Tag: Regulations

EASA Prototype Regulations would put an end to RC model flight as we know it

EASA Prototype Regulations would put an end to RC model flight as we know it

October 9, 2016 19:02 | By | Add a Comment

For some months now, EASA has been at work trying to fix a perceived loophole in previous legislation drafts: Hobbyists and tinkerers who “hack their drones” to “fly further, higher, faster”. This is seen in Brussels as a great risk, so EASA was asked to come up with a regulation that would form the grounds for anti-modification legislation.

Enter the “EASA Prototype Regulations”. These regulations define four categories (A0, A1, A2 and A3) with increasing capabilities and restrictions. For example, A0 allows you to fly without registration, but you are limited to 250 grams takeoff weight, and you can’t fly higher than 50 meters. Category A3 allows you to fly up to 150 meters but your RC model needs to be equipped with a GPS geofencing function that cannot be turned off. This means that if you have an old wooden glow engine model or a scale jet, it needs to have a GPS and an autopilot on board. And you can’t fly higher than 150 meters. And you need to be at least 50 meters away from spectators (20m for rotor craft).

Don’t like this? Write EASA, today[email protected]

Check the detailed regulations after the break.

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FAA updates rules on model aircraft

FAA updates rules on model aircraft

June 26, 2014 18:42 | By | 1 Comment

This news article from the FAA website is bad news for RC model pilots. If you remember the rather stringent rules laid out for RC enthusiasts in Austria, this will be very familiar to you.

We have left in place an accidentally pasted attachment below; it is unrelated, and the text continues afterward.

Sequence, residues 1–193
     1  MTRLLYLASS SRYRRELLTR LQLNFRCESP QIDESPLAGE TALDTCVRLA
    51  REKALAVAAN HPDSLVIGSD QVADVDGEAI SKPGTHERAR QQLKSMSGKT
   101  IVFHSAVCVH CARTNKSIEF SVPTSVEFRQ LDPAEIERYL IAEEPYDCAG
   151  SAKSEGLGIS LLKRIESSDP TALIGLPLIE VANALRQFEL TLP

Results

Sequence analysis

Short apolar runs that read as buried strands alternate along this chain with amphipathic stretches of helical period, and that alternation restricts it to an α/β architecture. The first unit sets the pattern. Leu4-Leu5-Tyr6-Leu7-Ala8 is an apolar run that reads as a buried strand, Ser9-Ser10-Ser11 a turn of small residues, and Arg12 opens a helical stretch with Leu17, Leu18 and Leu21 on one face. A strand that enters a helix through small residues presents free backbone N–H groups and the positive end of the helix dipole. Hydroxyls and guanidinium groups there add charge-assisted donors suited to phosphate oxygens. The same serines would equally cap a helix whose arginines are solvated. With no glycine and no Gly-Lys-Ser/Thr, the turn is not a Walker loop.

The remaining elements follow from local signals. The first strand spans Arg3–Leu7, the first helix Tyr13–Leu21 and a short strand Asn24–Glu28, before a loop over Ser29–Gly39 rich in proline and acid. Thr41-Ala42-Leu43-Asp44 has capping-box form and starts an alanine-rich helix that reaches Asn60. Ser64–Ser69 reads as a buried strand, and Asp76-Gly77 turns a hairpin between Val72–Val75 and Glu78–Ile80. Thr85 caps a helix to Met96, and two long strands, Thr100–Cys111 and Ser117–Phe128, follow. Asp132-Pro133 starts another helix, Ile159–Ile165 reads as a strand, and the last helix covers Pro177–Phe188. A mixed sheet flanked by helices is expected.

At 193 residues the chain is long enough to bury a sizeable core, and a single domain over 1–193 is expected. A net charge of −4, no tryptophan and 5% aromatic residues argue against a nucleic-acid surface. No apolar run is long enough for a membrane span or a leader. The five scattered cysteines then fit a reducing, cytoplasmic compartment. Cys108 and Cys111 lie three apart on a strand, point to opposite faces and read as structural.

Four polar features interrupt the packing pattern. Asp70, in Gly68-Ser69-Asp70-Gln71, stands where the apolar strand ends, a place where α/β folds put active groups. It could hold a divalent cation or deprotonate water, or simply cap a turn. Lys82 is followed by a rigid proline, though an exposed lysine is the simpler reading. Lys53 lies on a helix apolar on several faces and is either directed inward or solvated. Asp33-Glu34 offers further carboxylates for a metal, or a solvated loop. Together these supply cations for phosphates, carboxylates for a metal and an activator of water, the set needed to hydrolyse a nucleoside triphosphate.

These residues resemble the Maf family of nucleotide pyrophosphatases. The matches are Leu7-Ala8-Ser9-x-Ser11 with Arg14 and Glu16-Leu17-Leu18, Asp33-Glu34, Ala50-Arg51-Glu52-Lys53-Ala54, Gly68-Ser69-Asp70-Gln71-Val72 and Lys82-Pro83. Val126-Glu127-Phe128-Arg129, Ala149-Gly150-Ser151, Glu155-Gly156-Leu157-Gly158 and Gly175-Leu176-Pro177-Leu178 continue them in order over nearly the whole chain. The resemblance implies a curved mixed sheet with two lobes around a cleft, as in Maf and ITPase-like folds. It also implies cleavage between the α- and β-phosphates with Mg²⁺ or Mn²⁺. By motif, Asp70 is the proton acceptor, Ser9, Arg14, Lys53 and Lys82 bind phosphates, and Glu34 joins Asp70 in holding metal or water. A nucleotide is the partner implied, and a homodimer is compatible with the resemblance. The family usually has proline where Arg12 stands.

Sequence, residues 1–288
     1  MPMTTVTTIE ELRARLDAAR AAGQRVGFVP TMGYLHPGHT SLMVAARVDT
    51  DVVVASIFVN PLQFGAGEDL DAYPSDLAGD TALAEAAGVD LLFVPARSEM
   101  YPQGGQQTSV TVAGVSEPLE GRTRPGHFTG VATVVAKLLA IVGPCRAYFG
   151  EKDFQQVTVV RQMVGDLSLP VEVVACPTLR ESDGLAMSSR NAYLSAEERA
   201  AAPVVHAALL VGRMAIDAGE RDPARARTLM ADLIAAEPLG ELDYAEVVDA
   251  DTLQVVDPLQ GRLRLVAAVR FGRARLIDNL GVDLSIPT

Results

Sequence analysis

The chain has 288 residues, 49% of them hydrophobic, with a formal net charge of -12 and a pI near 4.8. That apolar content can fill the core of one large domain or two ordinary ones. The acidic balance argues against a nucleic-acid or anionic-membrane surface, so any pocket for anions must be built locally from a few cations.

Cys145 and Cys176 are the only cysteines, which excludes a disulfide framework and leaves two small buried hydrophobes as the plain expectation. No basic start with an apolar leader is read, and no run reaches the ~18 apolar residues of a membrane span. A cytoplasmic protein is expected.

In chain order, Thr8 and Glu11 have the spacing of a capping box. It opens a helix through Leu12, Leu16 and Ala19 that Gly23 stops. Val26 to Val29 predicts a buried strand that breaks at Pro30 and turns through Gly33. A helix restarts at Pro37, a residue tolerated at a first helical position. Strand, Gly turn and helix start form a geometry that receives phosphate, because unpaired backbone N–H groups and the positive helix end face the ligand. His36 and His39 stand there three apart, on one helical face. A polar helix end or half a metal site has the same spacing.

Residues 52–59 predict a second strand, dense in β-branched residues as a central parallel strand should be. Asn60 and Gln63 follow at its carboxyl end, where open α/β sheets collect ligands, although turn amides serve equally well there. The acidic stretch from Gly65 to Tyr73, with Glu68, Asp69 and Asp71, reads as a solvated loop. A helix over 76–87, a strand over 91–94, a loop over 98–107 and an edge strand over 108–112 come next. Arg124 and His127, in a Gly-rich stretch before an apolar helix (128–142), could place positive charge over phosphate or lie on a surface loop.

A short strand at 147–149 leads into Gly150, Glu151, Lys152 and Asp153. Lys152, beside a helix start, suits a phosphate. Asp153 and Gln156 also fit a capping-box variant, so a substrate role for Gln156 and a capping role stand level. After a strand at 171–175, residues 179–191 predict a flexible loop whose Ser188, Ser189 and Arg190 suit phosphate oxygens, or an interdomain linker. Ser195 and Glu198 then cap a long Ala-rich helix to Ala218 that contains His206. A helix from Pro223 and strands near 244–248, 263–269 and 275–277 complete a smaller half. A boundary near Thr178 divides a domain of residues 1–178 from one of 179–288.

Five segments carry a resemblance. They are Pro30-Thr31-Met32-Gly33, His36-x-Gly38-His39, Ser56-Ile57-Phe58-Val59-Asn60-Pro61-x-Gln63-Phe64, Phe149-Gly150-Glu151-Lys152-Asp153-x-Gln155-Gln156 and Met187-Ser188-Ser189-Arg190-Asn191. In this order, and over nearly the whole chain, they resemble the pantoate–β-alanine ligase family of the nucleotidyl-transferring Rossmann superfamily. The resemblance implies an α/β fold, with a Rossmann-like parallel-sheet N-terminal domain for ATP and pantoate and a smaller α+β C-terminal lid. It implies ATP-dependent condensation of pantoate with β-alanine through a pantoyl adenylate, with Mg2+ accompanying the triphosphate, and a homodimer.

In the notice, the FAA restates the law’s definition of “model aircraft,” including requirements that they not interfere with manned aircraft, be flown within sight of the operator and be operated only for hobby or recreational purposes. The agency also explains that model aircraft operators flying within five miles of an airport must notify the airport operator and air traffic control tower.

The FAA reaffirms that the Act’s model aircraft provisions apply only to hobby or recreation operations and do not authorize the use of model aircraft for commercial operations. The notice gives examples of hobby or recreation flights, as well as examples of operations that would not meet that definition.

The main thrust of the Interpretation Document (PDF) is this: RC model flight is meant for recreational purposes only. Any commercial use, monetization, flight beyond LOS or without the pilot having eyes on the craft, or flights for any reason other than your own personal recreation is strictly prohibited without a UAV license.

This means FPV flight is illegal in the USA, plain and simple. Doesn’t matter if you have a spotter. The Pilot’s eyes have to be on the model.

Are you a sponsored pilot? Then this bit is relevant to you as well:

Any operation not conducted strictly for hobby or recreation purposes could not be operated under the special rule for model aircraft. Clearly, commercial operations would not be hobby or recreation flights.
Likewise, flights that are in furtherance of a business, or incidental to a person’s business, would not be a hobby or recreation flight.
Flights conducted incidental to, and within the scope of, a business where no common carriage is involved, generally may operate under FAA’s general operating rules of part 91.
Although they are not commercial operations conducted for compensation or hire, such operations do not qualify as a hobby or recreation flight because of the nexus between the operator’s business and the operation of the aircraft.

Now is the time to act. The FAA is inviting comments, so be sure to make your voice heard. The AMA has already objected to the new developments.

Sadly, we here in Austria did not have a modeler’s lobbying group pushing for our rights. If you live in the US, please don’t repeat our mistake. Act now.

UPDATE: AMA response here (PDF).

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